However, such vigilance and scrutiny is relatively recent in New Zealand. In the 80s and 90s, prior to the establishment of the FMA and the NZX’s continuous disclosure rules in 2002, New Zealand’s capital markets were far more indiscreet.

“It was all gossip in those days,” says veteran business and investment columnist Brian Gaynor. “There was information passed at social events, racing, rugby games, sporting events. 

“People used to come into the office on a Monday morning and say something like, ‘I was at the races on Saturday, and I met the chairman of Lion Brewery and he said the company is doing very well and they’re expecting to report a higher profit than most people are anticipating.’” 

Prior to the market crash in 1987, New Zealand’s listed companies were seeing unprecedented levels of market participation and activity triggered by finance minister Roger Douglas’s deregulatory programme in 1984. Insider trading became commonplace as more companies engaged in mergers and acquisitions.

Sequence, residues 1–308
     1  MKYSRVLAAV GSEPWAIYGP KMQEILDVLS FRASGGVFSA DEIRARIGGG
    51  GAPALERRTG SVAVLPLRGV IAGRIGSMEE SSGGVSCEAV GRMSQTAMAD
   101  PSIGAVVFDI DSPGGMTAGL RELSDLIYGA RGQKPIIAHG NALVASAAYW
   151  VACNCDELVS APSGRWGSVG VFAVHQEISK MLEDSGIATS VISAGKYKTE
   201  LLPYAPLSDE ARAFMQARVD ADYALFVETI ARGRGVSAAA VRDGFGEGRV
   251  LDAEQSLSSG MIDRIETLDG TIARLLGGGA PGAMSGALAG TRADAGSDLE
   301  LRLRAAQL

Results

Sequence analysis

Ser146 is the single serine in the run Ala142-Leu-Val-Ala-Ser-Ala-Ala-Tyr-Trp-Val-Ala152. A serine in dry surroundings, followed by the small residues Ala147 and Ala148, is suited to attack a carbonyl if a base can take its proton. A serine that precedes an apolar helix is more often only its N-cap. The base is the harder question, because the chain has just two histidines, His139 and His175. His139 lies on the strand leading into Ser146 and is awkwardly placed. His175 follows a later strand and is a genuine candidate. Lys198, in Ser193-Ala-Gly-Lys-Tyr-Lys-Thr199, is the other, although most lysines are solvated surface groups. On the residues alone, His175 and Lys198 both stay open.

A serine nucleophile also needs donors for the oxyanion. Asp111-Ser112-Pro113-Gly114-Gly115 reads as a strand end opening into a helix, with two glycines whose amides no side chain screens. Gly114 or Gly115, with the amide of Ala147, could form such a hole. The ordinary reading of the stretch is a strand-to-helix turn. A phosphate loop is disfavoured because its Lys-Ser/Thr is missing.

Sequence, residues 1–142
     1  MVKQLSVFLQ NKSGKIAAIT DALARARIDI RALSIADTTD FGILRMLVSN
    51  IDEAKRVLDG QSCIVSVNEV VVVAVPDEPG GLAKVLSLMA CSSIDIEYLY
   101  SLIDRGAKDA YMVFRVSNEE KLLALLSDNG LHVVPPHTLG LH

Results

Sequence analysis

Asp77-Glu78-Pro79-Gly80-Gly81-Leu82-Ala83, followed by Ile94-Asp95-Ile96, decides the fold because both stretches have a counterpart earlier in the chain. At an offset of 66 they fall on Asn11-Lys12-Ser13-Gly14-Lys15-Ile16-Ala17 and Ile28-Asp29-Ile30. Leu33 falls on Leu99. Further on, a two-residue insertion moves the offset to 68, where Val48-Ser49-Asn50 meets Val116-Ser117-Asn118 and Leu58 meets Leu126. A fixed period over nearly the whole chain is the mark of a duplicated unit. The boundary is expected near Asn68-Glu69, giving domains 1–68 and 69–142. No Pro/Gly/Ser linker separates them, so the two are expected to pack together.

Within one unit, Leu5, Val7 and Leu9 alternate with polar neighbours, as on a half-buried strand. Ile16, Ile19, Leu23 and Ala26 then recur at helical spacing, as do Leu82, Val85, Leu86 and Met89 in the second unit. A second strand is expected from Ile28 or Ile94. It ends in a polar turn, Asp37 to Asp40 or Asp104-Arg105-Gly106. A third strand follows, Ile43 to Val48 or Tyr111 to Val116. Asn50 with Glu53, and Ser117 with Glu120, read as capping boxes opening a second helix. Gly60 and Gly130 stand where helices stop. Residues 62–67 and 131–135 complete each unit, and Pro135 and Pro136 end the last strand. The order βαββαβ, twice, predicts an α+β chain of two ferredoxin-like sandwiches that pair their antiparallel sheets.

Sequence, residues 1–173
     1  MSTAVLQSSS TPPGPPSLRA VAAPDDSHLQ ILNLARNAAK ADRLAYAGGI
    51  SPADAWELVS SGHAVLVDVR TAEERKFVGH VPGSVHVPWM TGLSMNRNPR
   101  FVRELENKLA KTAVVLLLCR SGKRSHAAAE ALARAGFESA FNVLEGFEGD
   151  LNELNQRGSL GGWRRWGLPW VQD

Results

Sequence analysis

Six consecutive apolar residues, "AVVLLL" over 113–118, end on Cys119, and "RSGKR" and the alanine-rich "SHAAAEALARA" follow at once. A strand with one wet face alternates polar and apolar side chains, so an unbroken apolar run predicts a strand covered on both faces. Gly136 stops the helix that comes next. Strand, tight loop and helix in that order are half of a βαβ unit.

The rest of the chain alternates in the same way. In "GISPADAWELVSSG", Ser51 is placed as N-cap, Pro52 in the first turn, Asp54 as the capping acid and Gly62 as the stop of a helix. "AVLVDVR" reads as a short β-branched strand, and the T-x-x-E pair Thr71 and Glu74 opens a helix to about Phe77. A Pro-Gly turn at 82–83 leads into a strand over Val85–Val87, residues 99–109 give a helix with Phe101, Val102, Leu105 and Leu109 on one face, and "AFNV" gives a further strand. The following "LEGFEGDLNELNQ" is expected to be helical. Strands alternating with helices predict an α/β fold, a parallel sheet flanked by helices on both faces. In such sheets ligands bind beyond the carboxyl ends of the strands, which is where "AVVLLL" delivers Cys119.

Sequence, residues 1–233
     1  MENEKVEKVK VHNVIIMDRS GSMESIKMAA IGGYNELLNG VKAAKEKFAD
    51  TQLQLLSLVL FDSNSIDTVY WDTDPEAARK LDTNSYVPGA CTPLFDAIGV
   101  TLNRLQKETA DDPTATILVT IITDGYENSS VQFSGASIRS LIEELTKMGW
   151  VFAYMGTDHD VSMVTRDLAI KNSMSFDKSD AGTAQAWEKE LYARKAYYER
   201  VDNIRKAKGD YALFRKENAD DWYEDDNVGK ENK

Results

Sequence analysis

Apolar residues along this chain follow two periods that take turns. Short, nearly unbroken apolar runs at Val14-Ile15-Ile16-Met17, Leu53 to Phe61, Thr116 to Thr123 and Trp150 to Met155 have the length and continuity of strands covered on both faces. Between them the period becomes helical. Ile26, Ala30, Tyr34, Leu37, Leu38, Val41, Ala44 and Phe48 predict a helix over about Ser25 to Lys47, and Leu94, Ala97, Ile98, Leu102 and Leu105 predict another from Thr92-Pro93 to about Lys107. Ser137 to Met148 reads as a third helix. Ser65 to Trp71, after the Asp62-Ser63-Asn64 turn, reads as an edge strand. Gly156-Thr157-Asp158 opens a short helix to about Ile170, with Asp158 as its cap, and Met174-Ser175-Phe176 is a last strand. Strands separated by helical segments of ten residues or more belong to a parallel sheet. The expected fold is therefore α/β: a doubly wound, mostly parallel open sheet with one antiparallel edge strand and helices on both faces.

Around 40% of New Zealand adults held shares, and the intensity of the bull run led to an explosion in the number of brokers employed, many of them inexperienced, resulting in errors, missed transactions and more margin trading.

A number of publications began circulating, offering advice, tips and insider information to investors, feeding the hype. Local newspapers ran “tipster sheets” on weekends, which would often have an impact on share prices on the Monday.

Gaynor says the activity, along with the relatively toothless New Zealand Security Commission – the predecessor of the FMA – combined to make an environment where people could and would share information with impunity. He likens it to how drink-driving was perceived in those days – frowned upon, but generally not enforced.

“There were no rules around insider trading,” he says. “People just operated that way. If you happened to know the right people on the right boards of companies, they just told you what they thought the company was doing.”

“We had very weak regulators at the time, to the extent that the Securities Commission really didn’t have any statutory powers in terms of prosecution. They could write reports and make recommendations about new laws that should be introduced. But they had no statutory power like the FMA does, to actually investigate something, and to prosecute someone.”